One of the last 2012 movies I watched, I was actually looking forward to the film.  I haven’t seen the musical on the stage, but I grew up on classic rock and found the cast pretty intriguing.  Maybe this mess works on Broadway, but watching the movie, I felt insulted.  It is so relentlessly stupid.  So much emphasis was placed on cramming as many songs into the thing as possible that it seemed like no one stopped to think about whether the movie was actually fun to watch.  The film randomly shuttles between subplots.  Well, let’s go with “subplots”.  Because while the movie does a decent job establishing the outlines of the characters, nothing really happens except maybe occasionally in the broadest of strokes.  Which, granted, is supposed to happen in a musical.  Except in a musical, the music generally, you know, is related to the story.  Tom Cruise was a lot of fun as a rock god, Paul Giamatti is always worth watching, and I’ll probably never have anything bad to say about Malin Akerman, even though her subplot was exceedingly dumb.  Everyone else, though, yeesh.  Alec Baldwin and Russell Brand were just painful, campy in all the wrong ways.  Bryan Cranston must have needed the paycheck, I guess?  Catherine Zeta-Jones couldn’t manage to rise above the script, and I’m still not entirely certain why Mary J. Blige’s character exists.  And I felt pretty badly for the ostensible leads, Diego Boneta and Julianne Hough, who were mistakenly asked to carry this trainwreck.  Boneta sure felt like a pretty boy cipher who I’d expect to see on Nashville next season.  I do believe Hough is talented, but to leap off the screen in this movie required a raw magnetism which probably can’t be taught and is possessed by only a very few actresses.  So instead she’s left to miserably flop around, and it ain’t pretty.  I think I share director Adam Shankman’s sensibilities, and he does a lot of things well, particularly capturing the kinetic energy of crowds, but I think he let the material down here.

#113.  Moonrise Kingdom

Also wrote up this one.  Wes Anderson, in my humble opinion, is insufferable.  He’s maybe got something interesting things to say about the relationship between kids and adults, and growing up, though I’m not sure if there’s anything he hasn’t already said.  But good lord.  Watching a Wes Anderson movie  is like having Wes Anderson sitting next to you, staring at you the whole time and poking you every minute, saying “I made this.  I made this.  I made this.”  Only because he’s not actually there, you can’t turn around and punch him.

#112.  The Three Stooges

I think I watched this one on a plane…maybe to/from Vegas?  Anyway, the first fifteen minutes actually weren’t too bad.  The rest of the film?  Good lord.  Just nonsense.  I mean, I get that the Stooges are hard to do in a modern setting.  But it would have been nice if it felt like the filmmakers actually put some effort into the story and script.  I’ve been thinking about how to do the Stooges, and I keep coming back to Dumb and Dumber.  The problem, of course, is that film was lucky enough to have Jim Carrey and Jeff Daniels.

#111.  Premium Rush

Saw this one in LA while on a baseball road trip.  We partook of the wonder that is the Cinerama Dome.  Which is just a fantastic place to see a film.  And not just because it is a dome.  The assigned seating was a feature new to me at the time, though probably not necessary for the dozen or so people who saw the film with us.  The movie, unfortunately, was pretty dreadful.  I had mild hopes because Joseph Gordon-Levitt and Michael Shannon are awesome and I couldn’t fathom how they ended up in a bike messenger movie.  It turns out watching bike messenging is exactly as boring as it sounds like it would be.  Who could have guessed?  The plot is paper thin and involves some sort of Asian mafia and gambling.  So, basically it has the plot of every third action movie made in the 80s.  The difference being, of course, that where action movies have, you know, action, this movie has people riding around on bikes.  I guess you could put a little blame on David Koepp, director, but I think it is more on David Koepp, screenwriter.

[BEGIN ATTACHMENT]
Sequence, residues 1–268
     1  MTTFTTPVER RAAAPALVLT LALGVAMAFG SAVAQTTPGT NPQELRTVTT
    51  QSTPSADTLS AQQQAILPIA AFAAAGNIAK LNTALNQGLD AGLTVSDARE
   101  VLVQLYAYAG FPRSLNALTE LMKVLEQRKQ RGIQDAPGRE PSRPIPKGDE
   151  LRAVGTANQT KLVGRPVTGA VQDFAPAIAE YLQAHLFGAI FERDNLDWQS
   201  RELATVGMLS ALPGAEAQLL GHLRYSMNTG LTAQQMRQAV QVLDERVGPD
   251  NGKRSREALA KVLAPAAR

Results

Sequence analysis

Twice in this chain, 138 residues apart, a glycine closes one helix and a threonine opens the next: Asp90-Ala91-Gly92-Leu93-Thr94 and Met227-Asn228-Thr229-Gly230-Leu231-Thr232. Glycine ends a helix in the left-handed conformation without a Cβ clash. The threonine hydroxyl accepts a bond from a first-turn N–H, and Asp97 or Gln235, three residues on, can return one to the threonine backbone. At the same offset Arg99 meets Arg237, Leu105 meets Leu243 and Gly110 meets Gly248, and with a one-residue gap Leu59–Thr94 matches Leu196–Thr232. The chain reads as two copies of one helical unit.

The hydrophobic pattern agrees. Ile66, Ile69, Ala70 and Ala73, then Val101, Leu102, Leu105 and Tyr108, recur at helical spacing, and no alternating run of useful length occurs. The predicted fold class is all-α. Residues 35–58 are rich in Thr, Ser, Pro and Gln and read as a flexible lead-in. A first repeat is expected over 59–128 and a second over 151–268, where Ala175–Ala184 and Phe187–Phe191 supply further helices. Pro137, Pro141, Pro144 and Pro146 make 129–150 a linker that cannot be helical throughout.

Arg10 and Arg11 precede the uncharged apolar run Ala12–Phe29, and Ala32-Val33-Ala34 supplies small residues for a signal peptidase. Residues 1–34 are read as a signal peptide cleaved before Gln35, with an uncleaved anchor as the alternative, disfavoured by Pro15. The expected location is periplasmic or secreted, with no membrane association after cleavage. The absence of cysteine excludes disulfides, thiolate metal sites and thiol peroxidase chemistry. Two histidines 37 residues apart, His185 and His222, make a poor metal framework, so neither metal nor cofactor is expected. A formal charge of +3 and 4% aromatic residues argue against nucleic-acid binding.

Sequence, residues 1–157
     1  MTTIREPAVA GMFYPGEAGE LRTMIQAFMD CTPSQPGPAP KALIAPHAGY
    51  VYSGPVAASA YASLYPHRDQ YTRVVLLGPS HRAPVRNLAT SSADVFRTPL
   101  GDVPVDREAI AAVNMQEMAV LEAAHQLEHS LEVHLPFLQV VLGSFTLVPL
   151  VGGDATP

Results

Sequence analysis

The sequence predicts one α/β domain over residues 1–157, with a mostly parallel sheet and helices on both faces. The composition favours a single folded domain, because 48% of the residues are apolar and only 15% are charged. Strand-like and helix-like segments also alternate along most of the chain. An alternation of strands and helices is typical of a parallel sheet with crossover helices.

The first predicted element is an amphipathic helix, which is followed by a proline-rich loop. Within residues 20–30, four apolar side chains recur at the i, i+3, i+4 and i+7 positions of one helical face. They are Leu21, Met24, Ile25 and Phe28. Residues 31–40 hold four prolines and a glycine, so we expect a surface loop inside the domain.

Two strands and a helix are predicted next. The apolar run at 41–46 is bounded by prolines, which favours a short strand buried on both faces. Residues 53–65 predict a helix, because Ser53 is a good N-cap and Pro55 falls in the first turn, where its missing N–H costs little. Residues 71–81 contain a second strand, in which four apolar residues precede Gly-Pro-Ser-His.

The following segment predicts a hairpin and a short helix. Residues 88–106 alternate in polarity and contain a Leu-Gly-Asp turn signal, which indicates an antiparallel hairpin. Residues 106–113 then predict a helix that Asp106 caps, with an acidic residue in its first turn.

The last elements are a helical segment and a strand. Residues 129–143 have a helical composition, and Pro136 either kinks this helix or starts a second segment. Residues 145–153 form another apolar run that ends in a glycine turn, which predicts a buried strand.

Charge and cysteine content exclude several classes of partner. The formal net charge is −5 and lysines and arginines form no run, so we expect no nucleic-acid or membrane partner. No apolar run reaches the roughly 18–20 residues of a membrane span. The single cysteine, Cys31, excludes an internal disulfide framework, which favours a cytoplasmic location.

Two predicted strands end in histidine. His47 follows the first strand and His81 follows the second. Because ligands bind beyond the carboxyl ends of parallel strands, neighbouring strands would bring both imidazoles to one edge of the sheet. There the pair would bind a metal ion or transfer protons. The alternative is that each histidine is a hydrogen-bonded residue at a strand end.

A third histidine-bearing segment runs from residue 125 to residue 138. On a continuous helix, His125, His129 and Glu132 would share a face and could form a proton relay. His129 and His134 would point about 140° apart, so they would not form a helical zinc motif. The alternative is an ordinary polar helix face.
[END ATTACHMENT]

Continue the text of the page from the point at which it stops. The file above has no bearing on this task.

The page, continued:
January is over so it’s time for another edition of our top fives!

John

1. Bernie
2. Looper
3. Django Unchained
4. Headhunters
5. Hope Springs

Jared

1. The Dark Knight Rises
2. 21 Jump Street
3. Wanderlust
4. Argo
5. Flight

Adam

1. Django Unchained
2. Marvel’s The Avengers
3. Lockout
4. The Dark Knight Rises
5. Silver Linings Playbook

As a year draws to a close, it’s time for top ten lists! But even though we get literally dozens of hits per week, the studios for some reason don’t invite us to early screenings and we’re stuck buying tickets and renting DVDs like mere mortals. So we need more time to get through all the films and we’ll stick to our usual top five format for a few more months.

Not a ton of movement this month compared to November even though we’ve seen a lot of Oscar films.

John

1. Bernie
2. Looper
3. Headhunters
4. Hope Springs
5. The Queen of Versailles

Jared

1. The Dark Knight Rises
2. 21 Jump Street
3. Wanderlust
4. Argo
5. Flight

Brian

1. Lincoln
2. Argo
3. Beasts of the Southern Wild
4. Django Unchained
5. 21 Jump Street

We haven’t done one of these for a while. I’m not entirely sure what that means. On my part, I found it really tough to narrow my list down to 5 because there are 10-15 that are clustered at the top, but nothing has truly grabbed me.

John

1. Looper
2. Headhunters
3. Hope Springs
4. The Queen of Versailles
5. Flight

Adam

1. Marvel’s The Avengers
2. The Dark Knight Rises
3. Lockout
4. 21 Jump Street
5. Total Recall

Brian

1. Lincoln
2. Argo
3. Beasts of the Southern Wild
4. 21 Jump Street
5. Marvel’s The Avengers

Jared

1. The Dark Knight Rises
2. 21 Jump Street
3. Wanderlust
4. Argo
5. Flight

The summer blockbuster season has drawn to a close so let’s look back on the best films of the first 2/3 of the year. The one film we all share may surprise you.

John

1. Headhunters
2. Hope Springs
3. The Hunger Games
4. 21 Jump Street
5. Brave

Adam

1. Marvel’s The Avengers
2. The Dark Knight Rises
3. Lockout
4. 21 Jump Street
5. Total Recall

Brian

1. Beasts of the Southern Wild
2. Marvel’s The Avengers
3. 21 Jump Street
4. The Dark Knight Rises
5. John Carter

Jared

1. The Dark Knight Rises
2. 21 Jump Street
3. Wanderlust
4. The Raid: Redemption
5. Lockout